Real-World Analysis of Treatment Patterns and Outcomes in Patients with MM by Cytogenetic Risk

2022 Year in Review - Multiple Myeloma

Real-world analysis of patients with MM determines treatment patterns and survival outcomes in patients with t(11;14) compared to patients with high- and standard-risk cytogenetics.

Although there are recent advances in the multiple myeloma (MM) therapeutic landscape, 5-year overall survival (OS) in patients with translocation of chromosomes 11 and 14 (t[11;14]) is still only approximately 5%. Outcomes can be affected by a variety of factors, which include patient characteristics such as age and fitness, race, and genetic abnormalities specifically involving chromosomes 14, 1p, 1q, 13, or 17. Based on cytogenetic abnormalities, there are several risk subgroups of patients with MM. t(11;14) occurs in approximately 16% of patients and is historically considered a “standard-risk” abnormality; however, recent findings may suggest a poorer prognosis in these patients than previously expected. There is currently no clear understanding as to how the prognostic implications of t(11;14) inform therapeutic treatment options and the development of targeted therapies. Atrash and colleagues published findings from retrospective data using a real-world database that examined primarily community-based treatment patterns and outcomes in patients with t(11;14) compared to high- and standard-risk subgroups (including those patients with co-occurrence of t[11;14]) across different lines of therapy.

A total of 6138 patients were eligible and included in the MM cohort from January 2011 to January 2020. Of these, 6137 patients received first-line therapy, 3160 received second-line treatment, and 1654 received third-line treatment. In the first-line cohort, 4614 patients had available data for risk stratification; 55% were grouped as standard risk, 35% high risk (per mSMART criteria), and 10% t(11;14)+ (patients with t[11;14] and no co-occurring high-risk cytogenetics). Of the high-risk patients, 14% also harbored t(11;14). Bortezomib, lenalidomide, and dexamethasone (VRd) was the most common first-line treatment across all cytogenetic risk groups (40% of patients), and VRd and lenalidomide + dexamethasone were the most common second-line treatment options across risk groups. Third-line treatment options were more fragmented given the larger number of approved treatment options; however, daratumumab and elotuzumab were prescribed more frequently in the third line compared to earlier lines. As patients advanced to later lines, the use of triplet therapy decreased. Patients received similar treatments in each line of therapy with different cytogenetic risk. In the first-line setting, 85% of high-risk patients, 79% of t(11;14)+ patients, and 78% of standard-risk patients received a proteasome inhibitor (PI)-containing regimen. In the second line, 63% in the high-risk group, 62% in the t(11;14)+ group, and 59% in the standard-risk group received a PI-containing regimen. In the third line, the use of a PI-containing regimen was slightly lower in the high-risk group versus t(11;14)+ and standard-risk groups: 49%, 58%, and 52%, respectively. Time to next treatment decreased in later lines of therapy and was shortest for patients in the high-risk group across all lines of therapy. Additionally, patients in the high-risk group had the poorest median OS compared to the t(11;14)+ and standard-risk groups in the first-line setting (48.9 months, 74.0 months, and 77.0 months, respectively).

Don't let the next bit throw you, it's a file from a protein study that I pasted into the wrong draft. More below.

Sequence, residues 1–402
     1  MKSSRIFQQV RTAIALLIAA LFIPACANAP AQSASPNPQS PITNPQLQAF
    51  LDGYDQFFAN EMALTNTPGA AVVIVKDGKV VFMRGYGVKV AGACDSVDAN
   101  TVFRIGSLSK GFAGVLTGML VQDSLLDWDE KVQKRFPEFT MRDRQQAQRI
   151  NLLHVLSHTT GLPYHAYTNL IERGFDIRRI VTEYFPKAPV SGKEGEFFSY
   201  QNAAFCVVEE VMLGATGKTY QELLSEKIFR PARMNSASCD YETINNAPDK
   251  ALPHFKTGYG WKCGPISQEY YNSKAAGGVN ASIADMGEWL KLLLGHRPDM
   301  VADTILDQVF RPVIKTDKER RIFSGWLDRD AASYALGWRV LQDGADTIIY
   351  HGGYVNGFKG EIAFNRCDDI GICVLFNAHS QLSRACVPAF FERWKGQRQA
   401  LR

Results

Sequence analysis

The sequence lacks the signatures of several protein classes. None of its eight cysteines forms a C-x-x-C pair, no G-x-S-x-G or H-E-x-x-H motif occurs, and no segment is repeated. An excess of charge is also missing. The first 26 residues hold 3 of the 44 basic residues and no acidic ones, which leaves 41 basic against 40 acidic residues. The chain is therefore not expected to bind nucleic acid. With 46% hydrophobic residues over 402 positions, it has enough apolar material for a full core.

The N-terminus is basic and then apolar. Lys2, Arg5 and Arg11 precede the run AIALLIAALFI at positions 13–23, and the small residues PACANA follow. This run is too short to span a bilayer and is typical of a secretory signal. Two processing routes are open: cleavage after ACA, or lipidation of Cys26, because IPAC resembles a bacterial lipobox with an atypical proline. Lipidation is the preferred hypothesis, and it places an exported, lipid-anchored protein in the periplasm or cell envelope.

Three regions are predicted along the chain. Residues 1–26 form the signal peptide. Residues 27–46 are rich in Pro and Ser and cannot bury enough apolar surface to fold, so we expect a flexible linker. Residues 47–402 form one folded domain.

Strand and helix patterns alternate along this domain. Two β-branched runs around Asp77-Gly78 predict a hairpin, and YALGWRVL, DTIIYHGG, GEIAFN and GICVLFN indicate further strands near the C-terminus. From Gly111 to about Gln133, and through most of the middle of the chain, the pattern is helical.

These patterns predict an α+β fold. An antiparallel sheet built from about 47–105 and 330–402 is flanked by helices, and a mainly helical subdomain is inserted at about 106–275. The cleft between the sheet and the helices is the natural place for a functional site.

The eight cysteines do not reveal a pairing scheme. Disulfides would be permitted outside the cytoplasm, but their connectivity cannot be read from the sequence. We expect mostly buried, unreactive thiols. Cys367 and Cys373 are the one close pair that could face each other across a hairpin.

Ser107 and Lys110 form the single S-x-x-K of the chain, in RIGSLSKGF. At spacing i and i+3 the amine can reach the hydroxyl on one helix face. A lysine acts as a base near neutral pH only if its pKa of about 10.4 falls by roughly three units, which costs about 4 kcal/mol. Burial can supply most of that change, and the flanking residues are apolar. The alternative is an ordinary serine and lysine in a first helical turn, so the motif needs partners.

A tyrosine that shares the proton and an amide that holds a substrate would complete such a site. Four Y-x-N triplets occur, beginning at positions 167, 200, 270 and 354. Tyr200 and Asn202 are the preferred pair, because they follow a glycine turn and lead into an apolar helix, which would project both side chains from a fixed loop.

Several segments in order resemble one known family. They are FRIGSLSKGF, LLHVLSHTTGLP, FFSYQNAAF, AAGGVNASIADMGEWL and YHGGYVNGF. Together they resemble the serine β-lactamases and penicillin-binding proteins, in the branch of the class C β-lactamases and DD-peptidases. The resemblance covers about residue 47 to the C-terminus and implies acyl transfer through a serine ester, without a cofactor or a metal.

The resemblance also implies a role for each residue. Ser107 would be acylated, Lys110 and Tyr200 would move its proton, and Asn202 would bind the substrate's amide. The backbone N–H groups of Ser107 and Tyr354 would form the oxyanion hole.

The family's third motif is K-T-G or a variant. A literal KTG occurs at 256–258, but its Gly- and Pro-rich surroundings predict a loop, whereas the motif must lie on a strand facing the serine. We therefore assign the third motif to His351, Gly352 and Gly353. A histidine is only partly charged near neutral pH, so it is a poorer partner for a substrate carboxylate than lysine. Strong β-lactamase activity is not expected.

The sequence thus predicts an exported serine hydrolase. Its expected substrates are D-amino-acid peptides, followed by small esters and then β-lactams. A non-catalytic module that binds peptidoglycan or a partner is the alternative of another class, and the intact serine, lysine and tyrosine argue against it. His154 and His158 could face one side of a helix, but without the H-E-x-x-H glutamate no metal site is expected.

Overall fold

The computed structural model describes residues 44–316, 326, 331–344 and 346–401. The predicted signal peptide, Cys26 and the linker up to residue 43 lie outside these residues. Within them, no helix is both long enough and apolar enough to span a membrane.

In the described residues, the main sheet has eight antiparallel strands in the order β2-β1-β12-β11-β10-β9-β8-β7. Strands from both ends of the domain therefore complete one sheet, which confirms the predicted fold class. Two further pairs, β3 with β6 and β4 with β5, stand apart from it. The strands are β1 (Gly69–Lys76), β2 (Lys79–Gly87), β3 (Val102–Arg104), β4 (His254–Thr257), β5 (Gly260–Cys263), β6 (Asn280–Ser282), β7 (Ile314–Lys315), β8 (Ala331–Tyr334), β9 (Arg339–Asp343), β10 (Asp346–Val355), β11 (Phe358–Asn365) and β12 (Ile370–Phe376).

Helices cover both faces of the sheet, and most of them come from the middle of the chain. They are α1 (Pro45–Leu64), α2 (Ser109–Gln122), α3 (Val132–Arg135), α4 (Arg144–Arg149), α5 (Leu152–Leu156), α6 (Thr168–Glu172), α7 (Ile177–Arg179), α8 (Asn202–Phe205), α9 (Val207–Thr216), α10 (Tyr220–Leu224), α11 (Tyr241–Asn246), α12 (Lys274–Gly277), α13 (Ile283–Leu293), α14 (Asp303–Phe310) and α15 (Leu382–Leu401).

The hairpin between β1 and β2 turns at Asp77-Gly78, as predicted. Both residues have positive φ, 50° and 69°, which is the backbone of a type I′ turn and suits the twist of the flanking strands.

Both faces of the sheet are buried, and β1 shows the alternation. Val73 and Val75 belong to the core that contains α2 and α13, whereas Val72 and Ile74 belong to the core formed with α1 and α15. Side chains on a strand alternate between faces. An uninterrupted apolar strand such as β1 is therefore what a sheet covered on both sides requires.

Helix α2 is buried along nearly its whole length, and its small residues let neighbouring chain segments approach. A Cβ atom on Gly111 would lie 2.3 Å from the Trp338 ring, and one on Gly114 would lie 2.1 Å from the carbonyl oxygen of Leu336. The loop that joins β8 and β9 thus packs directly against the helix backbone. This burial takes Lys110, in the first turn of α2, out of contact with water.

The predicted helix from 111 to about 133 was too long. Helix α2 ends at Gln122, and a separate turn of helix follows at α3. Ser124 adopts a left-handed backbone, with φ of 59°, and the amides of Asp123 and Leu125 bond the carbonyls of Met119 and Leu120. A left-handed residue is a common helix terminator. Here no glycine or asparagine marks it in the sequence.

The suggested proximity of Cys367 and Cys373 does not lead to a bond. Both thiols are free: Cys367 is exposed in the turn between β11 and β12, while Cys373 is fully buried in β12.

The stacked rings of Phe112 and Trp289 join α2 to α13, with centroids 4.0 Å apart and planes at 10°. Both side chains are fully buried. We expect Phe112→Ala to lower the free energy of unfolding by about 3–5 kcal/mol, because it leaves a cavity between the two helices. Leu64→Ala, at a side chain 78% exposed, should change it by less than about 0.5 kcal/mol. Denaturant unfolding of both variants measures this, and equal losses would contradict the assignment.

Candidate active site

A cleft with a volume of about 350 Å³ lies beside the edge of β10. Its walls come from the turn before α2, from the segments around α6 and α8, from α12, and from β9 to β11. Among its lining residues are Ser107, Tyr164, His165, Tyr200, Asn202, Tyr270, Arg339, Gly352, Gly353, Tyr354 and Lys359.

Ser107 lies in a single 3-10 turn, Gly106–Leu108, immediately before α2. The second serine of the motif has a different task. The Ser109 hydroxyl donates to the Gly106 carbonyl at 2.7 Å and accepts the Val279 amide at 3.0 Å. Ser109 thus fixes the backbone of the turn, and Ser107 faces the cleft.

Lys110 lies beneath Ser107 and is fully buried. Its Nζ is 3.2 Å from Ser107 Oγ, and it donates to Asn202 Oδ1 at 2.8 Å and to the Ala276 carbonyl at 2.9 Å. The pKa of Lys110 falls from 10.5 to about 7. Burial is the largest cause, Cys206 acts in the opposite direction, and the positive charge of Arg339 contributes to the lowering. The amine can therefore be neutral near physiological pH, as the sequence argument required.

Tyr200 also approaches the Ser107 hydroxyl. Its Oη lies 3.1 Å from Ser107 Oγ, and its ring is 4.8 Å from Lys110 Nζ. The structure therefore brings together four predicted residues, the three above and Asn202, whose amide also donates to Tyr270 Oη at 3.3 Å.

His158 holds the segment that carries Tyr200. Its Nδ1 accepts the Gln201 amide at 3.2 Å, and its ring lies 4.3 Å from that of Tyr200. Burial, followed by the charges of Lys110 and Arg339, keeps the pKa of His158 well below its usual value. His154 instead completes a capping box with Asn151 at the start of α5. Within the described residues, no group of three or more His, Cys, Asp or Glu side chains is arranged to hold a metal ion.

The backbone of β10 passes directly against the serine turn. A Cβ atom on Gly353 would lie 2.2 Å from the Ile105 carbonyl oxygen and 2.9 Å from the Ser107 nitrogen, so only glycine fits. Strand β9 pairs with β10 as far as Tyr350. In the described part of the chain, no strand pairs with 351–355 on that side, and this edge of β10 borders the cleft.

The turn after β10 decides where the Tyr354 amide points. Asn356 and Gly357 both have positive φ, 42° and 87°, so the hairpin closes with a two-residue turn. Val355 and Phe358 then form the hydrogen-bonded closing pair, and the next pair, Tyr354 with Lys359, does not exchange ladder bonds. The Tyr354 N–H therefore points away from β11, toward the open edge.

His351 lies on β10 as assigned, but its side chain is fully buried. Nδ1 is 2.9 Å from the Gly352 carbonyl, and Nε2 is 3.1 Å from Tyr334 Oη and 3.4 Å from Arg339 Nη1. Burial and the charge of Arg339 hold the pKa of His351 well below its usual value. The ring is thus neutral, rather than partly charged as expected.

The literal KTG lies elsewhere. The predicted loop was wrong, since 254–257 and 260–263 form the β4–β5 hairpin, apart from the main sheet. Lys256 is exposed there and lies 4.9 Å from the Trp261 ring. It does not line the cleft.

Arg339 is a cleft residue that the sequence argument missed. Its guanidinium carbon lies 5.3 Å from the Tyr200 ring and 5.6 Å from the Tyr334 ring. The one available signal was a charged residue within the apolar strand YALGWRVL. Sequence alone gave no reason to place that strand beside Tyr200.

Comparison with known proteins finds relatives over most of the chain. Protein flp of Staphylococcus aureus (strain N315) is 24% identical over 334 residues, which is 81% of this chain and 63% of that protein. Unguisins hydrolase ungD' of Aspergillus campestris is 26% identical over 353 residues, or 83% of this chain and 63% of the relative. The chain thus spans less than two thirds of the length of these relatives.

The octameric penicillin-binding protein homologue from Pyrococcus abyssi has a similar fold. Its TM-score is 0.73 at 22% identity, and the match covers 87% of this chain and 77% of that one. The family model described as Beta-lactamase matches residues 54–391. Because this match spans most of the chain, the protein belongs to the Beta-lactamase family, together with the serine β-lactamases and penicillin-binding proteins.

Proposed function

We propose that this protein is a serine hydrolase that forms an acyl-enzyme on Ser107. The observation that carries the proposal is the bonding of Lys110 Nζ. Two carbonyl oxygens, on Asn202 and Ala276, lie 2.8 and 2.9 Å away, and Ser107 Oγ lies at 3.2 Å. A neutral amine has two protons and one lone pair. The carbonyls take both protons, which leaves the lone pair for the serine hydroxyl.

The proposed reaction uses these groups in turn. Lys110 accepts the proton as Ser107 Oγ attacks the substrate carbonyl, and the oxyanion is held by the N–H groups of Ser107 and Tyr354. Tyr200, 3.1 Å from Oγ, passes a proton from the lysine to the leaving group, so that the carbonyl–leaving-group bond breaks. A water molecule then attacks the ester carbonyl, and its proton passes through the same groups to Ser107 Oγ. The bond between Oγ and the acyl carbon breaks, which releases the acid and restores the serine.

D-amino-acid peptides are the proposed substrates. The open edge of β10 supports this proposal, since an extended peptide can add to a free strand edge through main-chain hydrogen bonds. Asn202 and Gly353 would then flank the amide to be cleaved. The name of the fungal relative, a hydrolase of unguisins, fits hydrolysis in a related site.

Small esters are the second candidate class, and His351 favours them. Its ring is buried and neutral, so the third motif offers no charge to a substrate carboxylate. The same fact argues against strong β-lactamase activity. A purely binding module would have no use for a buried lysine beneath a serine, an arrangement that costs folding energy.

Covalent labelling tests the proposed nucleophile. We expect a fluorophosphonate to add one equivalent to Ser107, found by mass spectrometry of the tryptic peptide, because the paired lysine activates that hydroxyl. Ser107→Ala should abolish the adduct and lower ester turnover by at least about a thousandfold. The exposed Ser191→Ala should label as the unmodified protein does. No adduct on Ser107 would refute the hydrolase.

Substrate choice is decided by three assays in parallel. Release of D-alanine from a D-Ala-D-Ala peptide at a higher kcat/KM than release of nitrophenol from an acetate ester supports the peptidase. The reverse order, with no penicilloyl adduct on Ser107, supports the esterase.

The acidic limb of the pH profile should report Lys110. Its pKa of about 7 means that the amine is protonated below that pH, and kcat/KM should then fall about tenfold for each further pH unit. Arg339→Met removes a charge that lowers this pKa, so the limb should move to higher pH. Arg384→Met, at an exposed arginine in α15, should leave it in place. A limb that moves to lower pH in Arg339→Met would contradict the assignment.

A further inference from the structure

Overall, similar treatment patterns were observed for patients who were t(11;14)+ compared to high- and standard-risk patients in the first- and second-line setting. Because t(11;14) is an early genomic event, there is an opportunity for future investigation into more personalized approaches to treatment in this patient population with the goal of improving outcomes relative to current treatment patterns.


  1. Atrash S, Flahavan EM, Xu T, et al. Treatment patterns and outcomes according to cytogenetic risk stratification in patients with multiple myeloma: a real-world analysis. Blood Cancer J. 2022;12:46.

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